EoIs invited for feasibility study, design of Guyana-Suriname bridge

Public Works Minister of Suriname, Dr Riad Nurmohamed and Public Works Minister of Guyana, Juan Edghill planting the flags of the two countries at Long Island in the Corentyne River last year

The governments of Guyana and Suriname have invited companies to submit Expressions of Interest (EoIs) to provide consultancy services for the conduct of a feasibility study and the preparation of detailed designs for the construction of the bridge across the Corentyne River and approach roads connecting the two neighbouring countries.
According to the Request for EoIs published in Guyana Times on Sunday, the objective of the consultancy is “to conduct a feasibility study including environmental and social impact assessments and prepare detailed designs, drawings, cost estimates and bid documents for the construction of a bridge linking South Drain, Suriname, and Moleson Creek, Guyana.”
The duration of the consultancy project is expected to be for 12 months.
Eligible consulting firms are invited to submit EoIs for these services.
“In the assessment of submissions, consideration will be given to technical competence, qualifications and experience, local and regional experience on similar assignments, financial capability and existing commitments,” the invitation stated.
Consultants are allowed to associate with other firms to enhance their qualifications but should indicate clearly whether the association is in the form of a joint venture and/or a sub-consultancy. In the case of a joint venture, all the partnerships in the joint venture shall be jointly and severally liable for the entire contract, if selected.
Following the assessment of submissions, a shortlist of not less than three and not more than six applicants will be provided with full terms of reference and shortlisted applicants will be invited to submit technical and financial proposals to undertake the assignment.
Interested companies have until 11:00h on February 15, 2021, to make their submissions. All submissions must be in English.
Three hard copies and one soft copy of EoIs must be submitted in both Guyana and Suriname. Submissions must be addressed to Vladim Persaud, Permanent Secretary of the Ministry of Public Works in Georgetown and Permanent Secretary of the Ministry of Public Works in Paramaribo, Santosh Soman.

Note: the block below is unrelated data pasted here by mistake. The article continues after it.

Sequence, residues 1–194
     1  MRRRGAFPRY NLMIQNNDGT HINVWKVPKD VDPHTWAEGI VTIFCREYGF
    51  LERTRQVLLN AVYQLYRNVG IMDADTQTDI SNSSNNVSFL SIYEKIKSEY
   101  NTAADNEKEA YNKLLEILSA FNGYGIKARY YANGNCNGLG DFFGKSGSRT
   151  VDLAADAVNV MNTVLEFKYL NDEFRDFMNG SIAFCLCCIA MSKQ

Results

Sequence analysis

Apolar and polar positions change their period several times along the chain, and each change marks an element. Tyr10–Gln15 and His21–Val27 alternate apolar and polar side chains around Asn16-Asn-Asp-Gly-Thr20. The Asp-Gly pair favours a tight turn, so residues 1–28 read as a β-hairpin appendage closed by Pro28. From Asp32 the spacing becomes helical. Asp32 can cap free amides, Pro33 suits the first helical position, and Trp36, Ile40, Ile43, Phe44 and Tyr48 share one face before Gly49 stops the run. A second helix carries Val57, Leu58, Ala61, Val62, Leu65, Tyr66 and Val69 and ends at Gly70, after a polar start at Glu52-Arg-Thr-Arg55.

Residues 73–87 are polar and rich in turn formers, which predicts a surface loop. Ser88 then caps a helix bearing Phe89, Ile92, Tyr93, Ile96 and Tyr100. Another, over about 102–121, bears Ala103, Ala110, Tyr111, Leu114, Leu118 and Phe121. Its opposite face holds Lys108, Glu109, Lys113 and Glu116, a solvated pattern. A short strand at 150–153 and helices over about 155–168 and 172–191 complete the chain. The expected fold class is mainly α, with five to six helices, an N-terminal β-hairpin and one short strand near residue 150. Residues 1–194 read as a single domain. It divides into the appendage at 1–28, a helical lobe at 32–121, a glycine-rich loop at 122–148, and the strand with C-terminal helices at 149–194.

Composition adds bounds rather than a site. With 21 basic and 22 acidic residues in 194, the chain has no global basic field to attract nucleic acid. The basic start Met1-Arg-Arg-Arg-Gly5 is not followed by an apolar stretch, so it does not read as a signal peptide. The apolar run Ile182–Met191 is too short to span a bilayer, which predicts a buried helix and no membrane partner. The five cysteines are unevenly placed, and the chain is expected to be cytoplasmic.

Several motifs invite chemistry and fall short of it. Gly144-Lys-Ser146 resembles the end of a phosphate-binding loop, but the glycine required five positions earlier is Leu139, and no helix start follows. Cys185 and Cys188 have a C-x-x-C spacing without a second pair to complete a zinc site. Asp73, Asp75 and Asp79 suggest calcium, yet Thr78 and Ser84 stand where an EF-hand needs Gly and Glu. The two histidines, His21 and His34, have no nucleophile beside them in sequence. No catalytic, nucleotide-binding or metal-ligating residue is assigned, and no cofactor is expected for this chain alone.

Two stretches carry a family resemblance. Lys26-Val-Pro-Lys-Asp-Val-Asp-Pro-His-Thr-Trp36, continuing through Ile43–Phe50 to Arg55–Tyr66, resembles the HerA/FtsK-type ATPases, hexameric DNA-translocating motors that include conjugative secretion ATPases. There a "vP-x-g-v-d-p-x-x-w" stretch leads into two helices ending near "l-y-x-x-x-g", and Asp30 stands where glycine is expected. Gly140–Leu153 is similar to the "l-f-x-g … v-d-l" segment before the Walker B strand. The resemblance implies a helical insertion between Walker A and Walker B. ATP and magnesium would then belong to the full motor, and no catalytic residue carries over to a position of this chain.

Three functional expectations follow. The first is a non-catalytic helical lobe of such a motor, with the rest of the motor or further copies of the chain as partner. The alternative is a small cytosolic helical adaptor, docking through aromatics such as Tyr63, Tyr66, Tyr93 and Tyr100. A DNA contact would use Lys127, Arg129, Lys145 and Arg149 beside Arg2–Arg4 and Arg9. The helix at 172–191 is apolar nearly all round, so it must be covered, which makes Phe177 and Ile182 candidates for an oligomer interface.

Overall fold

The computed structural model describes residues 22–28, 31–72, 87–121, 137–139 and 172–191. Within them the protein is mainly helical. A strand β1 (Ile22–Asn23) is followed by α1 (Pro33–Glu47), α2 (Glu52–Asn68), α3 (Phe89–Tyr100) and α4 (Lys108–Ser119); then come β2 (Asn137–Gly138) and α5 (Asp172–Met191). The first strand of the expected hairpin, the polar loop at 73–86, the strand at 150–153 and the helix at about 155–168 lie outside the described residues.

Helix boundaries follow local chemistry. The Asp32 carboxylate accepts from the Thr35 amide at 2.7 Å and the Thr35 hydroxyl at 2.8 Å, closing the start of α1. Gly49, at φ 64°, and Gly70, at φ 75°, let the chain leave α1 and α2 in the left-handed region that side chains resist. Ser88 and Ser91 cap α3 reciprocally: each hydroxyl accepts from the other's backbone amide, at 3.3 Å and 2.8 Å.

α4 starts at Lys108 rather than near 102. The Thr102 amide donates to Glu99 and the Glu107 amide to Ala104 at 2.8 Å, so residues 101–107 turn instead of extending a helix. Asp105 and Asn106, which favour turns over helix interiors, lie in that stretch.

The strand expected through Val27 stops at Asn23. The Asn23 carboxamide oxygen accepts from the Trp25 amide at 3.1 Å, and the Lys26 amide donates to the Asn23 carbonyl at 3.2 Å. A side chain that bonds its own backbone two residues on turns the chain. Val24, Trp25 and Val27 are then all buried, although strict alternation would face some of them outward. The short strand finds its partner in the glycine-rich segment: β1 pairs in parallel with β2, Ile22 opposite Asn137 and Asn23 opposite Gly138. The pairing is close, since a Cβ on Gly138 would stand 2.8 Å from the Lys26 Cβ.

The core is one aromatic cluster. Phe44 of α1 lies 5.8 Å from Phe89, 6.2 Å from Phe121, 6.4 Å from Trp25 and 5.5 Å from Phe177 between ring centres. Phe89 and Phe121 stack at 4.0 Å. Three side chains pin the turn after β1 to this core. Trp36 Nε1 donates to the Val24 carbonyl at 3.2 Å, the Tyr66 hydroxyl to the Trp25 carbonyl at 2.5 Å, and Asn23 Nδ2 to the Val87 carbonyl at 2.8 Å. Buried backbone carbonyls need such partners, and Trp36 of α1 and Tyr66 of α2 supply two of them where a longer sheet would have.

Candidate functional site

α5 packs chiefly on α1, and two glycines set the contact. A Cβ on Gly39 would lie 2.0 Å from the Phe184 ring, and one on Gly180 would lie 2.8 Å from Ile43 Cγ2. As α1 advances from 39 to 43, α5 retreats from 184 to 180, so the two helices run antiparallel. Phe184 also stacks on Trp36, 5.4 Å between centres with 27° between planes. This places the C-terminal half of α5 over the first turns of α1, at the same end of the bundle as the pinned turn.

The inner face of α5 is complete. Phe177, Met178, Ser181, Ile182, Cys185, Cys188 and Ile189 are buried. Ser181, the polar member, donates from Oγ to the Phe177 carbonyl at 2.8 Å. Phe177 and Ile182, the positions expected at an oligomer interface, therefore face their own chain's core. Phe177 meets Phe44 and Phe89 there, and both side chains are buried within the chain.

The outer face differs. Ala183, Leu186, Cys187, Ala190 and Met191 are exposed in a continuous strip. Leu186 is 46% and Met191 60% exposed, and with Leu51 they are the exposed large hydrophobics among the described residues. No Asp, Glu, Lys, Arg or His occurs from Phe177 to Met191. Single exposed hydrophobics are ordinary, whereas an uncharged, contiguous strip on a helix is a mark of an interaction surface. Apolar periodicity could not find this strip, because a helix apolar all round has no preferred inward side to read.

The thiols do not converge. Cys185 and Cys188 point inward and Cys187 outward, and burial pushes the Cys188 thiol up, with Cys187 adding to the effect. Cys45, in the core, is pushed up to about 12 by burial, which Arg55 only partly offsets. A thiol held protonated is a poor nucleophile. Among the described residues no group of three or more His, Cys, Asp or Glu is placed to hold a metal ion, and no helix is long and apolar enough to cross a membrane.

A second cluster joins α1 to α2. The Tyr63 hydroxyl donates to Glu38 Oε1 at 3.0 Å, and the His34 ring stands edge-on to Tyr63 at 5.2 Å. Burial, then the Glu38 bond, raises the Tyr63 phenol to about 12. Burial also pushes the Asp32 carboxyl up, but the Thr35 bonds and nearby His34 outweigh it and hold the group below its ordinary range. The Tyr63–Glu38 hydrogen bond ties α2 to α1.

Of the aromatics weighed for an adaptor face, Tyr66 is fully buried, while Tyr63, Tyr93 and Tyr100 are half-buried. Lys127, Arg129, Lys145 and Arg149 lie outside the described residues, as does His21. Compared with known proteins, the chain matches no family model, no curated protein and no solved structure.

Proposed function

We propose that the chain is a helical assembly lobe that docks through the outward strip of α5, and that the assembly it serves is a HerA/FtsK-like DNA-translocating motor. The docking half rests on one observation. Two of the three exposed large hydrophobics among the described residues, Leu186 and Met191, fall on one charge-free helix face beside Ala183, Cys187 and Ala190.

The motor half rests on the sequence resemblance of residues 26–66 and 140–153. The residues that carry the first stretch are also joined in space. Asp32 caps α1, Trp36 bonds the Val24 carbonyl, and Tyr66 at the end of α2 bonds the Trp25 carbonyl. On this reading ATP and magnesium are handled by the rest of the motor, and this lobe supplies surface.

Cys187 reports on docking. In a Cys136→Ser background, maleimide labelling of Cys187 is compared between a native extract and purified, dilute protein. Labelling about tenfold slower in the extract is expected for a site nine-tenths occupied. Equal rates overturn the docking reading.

In the Request for EoIs notice, it was noted that the connection of Guyana and Suriname via the bridge will enhance trade and cultural exchanges between the two countries and the rest of South America. The bridge will span the Corentyne River from South Drain, Suriname, to Moleson Creek, Guyana, taking advantage of the most economical and efficient land and maritime routes.
“The project is major priority for both the governments of Suriname and Guyana. This was reiterated by their Excellencies, President Chandrikapersad Santokhi and President Irfaan Ali when they met in Guyana on August 9, 2020.”
The project is being implemented by the Ministries of Public Works from both countries.
In October 2020, Guyana’s Public Works Minister, Juan Edghill, and his Surinamese counterpart, Dr Riad Nurmohamed, had visited the site of the proposed Guyana-Suriname river bridge across the Corentyne River. There were three points of demarcation identified – Moleson Creek, Long Island in the Corentyne River and South Drain in Suriname.
Then in November 2020, Guyana and Suriname signed a Memorandum of Understanding (MoU) for the construction of the bridge. The MoU was signed by Guyana’s Foreign Affairs Minister, Hugh Todd, and his Surinamese counterpart, Albert Ramdin, at the Presidential Palace in Paramaribo.
Only last month, France had expressed an interest in building the Corentyne River bridge to link the two neighbours.
According to the Department of Public Information (DPI), Ambassador of the French Republic to the Co-operative Republic of Guyana, His Excellency Antoine Joly indicated this to Minister Edghill during a meeting.

“The French Ambassador shared interest in the maintenance of Guyana’s vessels and building of the Corentyne River bridge,” DPI said, adding that Minister Edghill informed the French diplomat that they are welcome to submit their Expressions of Interest for the project.
Meanwhile, back in December 2020, Canada had also expressed an interest in constructing the bridge.
During an exclusive interview with this publication, former Canadian diplomat Lilian Chatterjee had explained that the Canadian Commercial Corporation (CCC) is among several organisations interested in building the bridge.
In fact, President Ali had held a virtual meeting with Chatterjee and representatives of the CCC to discuss several major infrastructure projects in Guyana, including the Corentyne River bridge.
The Corentyne River bridge will not only link the two neighbouring countries of Guyana and Suriname, but also open up access to greater economic opportunities beyond them into French Guyana, and through the road network being developed into Brazil, and eventually further into South America.
Reports indicate that the Corentyne River bridge is expected to be a flat bridge from Guyana to Long Island in the Corentyne River and then a high-span bridge from there to the Surinamese mainland to allow for heavy marine traffic. This bridge is expected to promote the safe movement of people and products.
Moreover, it is anticipated that Long Island will become an economic hub and free zone that will also see major infrastructural development such as hotels, recreational parks, entertainment spots, tourist attractions, malls and farmers’ markets.
With the recent commitments to bridge Guyana and Suriname over the Corentyne River within five years, this project is expected to open up the pathway for other major developmental projects including the much-anticipated deep-water harbour project in Guyana.